25 May 2010

Attabad – a bizarre race between two processes

Posted by Dave Petley

Yesterdays “coalition” resurvey of the spillway and water level now appears to provide a definitive freeboard value.  As of 8 am this morning the freeboard was 3.027 metres, representing an increase of water level of 1.09 metres in the last 24 hours.  This elevated rate of water level rise probably reflects the warmer weather in the area in the last few days, which will be driving snowmelt. 

I have recalculated the freeboard values assuming that the official numbers released today are correct, meaning the the early figures under-estimated the true freeboard figure.  The resulting graph is as follows:

At the current rate of increase the freeboard will be lost in two to three days, but as before we are reliant upon these figures being correct.  This episode of incorrect freeboard measurement does not reflect well on NDMA, given the importance of these numbers.  Of course, the fact that the saddle is located at a higher elevation means that the lake volume will be larger – i.e. it increases the size of the potential flood.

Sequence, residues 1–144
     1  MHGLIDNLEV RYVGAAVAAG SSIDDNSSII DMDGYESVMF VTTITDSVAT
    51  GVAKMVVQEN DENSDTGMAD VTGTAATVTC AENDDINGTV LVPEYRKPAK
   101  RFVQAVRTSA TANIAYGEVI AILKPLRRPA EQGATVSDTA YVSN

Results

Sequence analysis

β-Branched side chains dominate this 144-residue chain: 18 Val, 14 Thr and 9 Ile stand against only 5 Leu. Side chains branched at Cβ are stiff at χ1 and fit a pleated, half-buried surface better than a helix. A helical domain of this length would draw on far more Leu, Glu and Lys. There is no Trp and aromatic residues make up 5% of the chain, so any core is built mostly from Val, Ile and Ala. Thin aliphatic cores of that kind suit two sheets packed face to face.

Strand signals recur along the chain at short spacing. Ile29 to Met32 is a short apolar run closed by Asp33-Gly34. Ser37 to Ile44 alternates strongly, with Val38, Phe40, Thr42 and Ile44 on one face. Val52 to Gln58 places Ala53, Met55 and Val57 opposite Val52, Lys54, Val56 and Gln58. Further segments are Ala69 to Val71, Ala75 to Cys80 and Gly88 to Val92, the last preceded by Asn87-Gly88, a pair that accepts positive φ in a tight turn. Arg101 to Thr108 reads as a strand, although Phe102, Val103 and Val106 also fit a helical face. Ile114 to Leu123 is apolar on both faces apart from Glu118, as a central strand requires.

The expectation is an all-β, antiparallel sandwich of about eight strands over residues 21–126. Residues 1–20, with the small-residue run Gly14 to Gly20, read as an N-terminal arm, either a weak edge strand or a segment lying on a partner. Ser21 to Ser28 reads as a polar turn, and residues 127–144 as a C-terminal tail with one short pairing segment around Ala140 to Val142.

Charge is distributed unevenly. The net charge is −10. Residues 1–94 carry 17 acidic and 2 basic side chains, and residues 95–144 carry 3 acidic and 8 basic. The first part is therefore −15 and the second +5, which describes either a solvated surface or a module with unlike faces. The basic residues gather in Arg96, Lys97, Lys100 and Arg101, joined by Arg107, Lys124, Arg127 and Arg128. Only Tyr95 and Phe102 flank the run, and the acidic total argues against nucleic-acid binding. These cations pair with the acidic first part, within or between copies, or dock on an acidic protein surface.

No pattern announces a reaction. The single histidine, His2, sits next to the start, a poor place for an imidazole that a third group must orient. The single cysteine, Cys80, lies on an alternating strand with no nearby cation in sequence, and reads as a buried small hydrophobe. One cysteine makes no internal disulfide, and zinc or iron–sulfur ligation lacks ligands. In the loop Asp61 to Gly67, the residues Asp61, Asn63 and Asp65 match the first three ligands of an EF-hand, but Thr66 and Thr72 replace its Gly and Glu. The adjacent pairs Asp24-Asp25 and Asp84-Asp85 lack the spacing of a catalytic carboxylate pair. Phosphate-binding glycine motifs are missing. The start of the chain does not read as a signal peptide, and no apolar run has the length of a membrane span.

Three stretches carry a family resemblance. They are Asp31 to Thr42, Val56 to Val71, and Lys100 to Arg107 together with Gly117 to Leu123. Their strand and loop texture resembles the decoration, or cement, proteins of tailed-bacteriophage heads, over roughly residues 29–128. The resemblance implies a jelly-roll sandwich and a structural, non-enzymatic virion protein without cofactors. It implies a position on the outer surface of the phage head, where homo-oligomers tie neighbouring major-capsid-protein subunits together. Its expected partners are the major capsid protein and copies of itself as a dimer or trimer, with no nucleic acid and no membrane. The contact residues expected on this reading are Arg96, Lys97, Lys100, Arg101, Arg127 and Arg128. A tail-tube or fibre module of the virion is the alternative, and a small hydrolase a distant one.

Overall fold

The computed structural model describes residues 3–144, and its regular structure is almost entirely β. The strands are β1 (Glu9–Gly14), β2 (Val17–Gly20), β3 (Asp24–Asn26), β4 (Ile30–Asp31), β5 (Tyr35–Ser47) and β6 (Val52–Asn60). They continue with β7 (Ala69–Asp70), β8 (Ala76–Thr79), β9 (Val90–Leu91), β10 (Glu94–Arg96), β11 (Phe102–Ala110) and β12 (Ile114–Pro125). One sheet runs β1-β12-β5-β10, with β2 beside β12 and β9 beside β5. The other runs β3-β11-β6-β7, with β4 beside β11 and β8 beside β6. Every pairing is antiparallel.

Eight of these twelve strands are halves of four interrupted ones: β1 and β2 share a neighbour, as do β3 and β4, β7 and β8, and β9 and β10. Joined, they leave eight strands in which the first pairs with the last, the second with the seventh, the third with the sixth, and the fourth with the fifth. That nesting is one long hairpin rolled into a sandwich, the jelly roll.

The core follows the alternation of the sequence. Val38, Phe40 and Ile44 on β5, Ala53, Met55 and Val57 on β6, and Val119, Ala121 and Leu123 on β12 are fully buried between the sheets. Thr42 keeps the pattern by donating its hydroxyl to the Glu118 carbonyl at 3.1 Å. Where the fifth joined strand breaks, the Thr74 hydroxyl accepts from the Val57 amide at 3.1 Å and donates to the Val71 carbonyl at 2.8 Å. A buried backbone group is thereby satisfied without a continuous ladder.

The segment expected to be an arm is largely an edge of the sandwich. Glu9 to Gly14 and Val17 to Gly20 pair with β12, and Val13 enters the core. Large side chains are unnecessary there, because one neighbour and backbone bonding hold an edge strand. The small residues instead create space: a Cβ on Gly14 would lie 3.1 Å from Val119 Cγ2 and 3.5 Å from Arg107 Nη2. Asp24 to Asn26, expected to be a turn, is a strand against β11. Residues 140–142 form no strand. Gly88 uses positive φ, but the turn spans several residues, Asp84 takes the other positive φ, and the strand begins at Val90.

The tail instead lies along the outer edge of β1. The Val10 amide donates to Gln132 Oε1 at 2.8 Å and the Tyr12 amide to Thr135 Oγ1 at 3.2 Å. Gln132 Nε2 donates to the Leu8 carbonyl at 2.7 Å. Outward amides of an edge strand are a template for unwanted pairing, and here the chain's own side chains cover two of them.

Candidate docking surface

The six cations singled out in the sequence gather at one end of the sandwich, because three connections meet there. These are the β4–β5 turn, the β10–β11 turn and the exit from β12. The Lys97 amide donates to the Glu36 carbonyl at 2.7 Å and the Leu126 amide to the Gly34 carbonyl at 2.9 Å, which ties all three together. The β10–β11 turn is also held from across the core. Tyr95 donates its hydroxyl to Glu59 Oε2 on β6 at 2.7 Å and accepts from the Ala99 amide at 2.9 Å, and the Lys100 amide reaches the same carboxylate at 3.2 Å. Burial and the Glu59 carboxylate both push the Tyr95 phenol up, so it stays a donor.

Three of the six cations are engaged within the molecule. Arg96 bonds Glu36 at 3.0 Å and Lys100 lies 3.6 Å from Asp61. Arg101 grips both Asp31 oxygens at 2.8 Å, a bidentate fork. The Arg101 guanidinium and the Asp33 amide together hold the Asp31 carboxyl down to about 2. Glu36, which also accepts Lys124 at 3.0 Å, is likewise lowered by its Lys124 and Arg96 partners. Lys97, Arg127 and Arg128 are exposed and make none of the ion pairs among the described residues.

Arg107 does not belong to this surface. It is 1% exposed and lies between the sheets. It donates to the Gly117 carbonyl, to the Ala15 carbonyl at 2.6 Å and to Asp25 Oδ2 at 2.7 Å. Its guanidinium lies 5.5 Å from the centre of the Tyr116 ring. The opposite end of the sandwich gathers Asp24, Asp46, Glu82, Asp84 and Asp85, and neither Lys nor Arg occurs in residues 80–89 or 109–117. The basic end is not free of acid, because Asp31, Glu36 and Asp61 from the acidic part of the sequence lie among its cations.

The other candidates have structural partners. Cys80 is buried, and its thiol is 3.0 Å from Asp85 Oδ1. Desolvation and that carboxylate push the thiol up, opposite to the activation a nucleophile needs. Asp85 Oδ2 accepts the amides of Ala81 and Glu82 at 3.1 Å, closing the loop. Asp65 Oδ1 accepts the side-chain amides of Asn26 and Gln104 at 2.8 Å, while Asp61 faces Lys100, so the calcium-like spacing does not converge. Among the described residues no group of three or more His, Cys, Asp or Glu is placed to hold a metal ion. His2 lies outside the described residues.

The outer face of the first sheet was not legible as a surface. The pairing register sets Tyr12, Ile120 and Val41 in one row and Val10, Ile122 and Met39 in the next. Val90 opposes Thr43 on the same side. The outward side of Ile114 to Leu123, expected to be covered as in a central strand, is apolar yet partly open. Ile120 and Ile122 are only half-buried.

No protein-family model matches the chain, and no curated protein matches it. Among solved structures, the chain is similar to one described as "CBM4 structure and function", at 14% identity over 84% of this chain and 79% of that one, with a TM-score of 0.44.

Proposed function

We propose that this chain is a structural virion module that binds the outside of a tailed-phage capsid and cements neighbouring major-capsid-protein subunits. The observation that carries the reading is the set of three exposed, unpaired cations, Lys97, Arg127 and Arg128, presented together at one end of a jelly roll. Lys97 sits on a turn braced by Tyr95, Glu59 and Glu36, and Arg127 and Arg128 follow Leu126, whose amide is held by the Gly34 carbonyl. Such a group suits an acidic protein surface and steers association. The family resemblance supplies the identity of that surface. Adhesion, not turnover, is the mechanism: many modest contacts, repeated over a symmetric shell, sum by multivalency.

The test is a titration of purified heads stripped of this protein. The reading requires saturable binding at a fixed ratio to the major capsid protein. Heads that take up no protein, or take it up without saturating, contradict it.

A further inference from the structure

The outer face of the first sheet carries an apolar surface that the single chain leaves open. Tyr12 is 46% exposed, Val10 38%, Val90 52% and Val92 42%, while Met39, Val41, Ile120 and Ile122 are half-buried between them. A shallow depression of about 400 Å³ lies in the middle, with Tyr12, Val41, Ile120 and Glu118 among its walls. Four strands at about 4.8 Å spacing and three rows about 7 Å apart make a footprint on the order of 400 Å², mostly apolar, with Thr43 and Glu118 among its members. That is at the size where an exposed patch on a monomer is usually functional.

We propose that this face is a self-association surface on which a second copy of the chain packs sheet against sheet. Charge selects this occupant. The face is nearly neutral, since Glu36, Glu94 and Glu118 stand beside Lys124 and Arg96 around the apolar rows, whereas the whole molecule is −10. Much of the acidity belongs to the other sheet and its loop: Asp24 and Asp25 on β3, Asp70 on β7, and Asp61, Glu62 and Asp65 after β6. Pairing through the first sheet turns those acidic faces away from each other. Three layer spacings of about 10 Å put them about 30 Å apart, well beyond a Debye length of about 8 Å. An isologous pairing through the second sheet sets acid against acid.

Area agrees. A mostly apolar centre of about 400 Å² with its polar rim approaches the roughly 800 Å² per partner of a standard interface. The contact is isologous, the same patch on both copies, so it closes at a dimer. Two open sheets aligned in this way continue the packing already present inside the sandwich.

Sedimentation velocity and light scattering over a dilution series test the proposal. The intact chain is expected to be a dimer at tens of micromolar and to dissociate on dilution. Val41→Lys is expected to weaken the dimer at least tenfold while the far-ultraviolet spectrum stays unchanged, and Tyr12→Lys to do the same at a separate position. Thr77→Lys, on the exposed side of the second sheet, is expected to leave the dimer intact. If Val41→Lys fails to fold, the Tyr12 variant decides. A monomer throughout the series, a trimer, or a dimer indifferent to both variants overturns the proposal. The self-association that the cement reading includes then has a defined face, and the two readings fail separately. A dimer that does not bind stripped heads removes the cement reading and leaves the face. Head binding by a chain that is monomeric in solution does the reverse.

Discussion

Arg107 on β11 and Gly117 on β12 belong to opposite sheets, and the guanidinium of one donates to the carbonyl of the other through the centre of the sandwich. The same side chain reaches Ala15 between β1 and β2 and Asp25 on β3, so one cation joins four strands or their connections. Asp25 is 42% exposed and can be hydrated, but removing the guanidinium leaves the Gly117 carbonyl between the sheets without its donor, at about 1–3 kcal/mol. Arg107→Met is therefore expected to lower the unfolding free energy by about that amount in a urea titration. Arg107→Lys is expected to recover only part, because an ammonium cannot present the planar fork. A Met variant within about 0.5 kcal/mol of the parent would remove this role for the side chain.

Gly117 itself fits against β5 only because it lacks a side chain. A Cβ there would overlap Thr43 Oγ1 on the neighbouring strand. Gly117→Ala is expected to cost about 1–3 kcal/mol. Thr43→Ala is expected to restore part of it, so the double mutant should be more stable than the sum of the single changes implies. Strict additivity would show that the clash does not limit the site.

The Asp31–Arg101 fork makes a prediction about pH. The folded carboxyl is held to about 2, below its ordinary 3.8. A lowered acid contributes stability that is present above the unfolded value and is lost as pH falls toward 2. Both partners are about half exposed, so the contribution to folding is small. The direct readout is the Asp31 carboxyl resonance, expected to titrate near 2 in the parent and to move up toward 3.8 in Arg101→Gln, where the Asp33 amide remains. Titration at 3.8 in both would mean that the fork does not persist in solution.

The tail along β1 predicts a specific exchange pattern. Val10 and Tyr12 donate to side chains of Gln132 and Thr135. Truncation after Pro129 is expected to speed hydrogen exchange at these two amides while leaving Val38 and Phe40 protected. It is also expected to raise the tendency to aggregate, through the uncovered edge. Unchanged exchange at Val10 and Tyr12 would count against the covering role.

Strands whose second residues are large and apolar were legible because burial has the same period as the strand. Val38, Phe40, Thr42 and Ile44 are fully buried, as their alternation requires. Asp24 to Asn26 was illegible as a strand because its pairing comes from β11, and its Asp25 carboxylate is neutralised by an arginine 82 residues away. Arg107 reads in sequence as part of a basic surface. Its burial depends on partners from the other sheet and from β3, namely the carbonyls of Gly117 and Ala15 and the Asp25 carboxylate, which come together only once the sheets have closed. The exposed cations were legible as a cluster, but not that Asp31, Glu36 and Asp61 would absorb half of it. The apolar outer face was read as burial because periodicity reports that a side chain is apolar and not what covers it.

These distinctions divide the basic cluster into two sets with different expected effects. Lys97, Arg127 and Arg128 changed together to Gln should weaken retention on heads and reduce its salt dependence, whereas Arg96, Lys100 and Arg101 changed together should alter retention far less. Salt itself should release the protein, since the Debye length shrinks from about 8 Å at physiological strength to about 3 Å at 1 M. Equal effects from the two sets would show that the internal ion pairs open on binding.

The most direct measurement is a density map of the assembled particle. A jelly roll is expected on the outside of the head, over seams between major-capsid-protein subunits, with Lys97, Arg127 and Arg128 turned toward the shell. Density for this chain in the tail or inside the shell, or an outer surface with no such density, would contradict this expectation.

Of great concern to me though is the continued problem of closure of the spillway.  It is clear that the banks of the spillway are failing in multiple locations.  These failures are progressively closing the spillway, as this Focus image, taken of the spillway banks yesterday morning, shows:

The concern would be that the spillway closes completely before the water level reaches this level, which would effectively increase the freeboard once again, albeit probably briefly.  In effect we are in a high stakes  race between the rate of water level rise and the rate of closure of the spillway.  The strength of the clay material forming the spillway banks is clearly low, as we believed from the start.  Either way, the spillway is clearly completely incapable of handling the flow, so erosion is inevitable.  The one bright spot is that the failed banks may erode preferentially, allowing the channel to widen more rapidly than it down-cuts, as happened at Tangjiashan. 

Finally, lets not forget the hardship that this crisis is imposing on the local people.  The Pamir Times today puiblished this image of a camp for Internally Displaced People (IDPs):

I need say no more.